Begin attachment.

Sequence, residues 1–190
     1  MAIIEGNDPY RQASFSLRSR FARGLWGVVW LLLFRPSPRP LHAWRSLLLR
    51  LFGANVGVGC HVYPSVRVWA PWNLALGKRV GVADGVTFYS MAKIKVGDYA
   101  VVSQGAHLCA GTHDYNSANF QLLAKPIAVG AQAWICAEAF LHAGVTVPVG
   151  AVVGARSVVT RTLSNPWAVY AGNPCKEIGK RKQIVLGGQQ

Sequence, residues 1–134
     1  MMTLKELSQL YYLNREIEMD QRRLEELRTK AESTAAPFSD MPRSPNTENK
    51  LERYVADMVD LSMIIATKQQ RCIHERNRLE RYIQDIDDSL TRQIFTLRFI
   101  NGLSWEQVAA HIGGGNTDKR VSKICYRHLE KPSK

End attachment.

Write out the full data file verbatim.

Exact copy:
Sequence, residues 1–190
     1  MAIIEGNDPY RQASFSLRSR FARGLWGVVW LLLFRPSPRP LHAWRSLLLR
    51  LFGANVGVGC HVYPSVRVWA PWNLALGKRV GVADGVTFYS MAKIKVGDYA
   101  VVSQGAHLCA GTHDYNSANF QLLAKPIAVG AQAWICAEAF LHAGVTVPVG
   151  AVVGARSVVT RTLSNPWAVY AGNPCKEIGK RKQIVLGGQQ

Sequence, residues 1–134
     1  MMTLKELSQL YYLNREIEMD QRRLEELRTK AESTAAPFSD MPRSPNTENK
    51  LERYVADMVD LSMIIATKQQ RCIHERNRLE RYIQDIDDSL TRQIFTLRFI
   101  NGLSWEQVAA HIGGGNTDKR VSKICYRHLE KPSK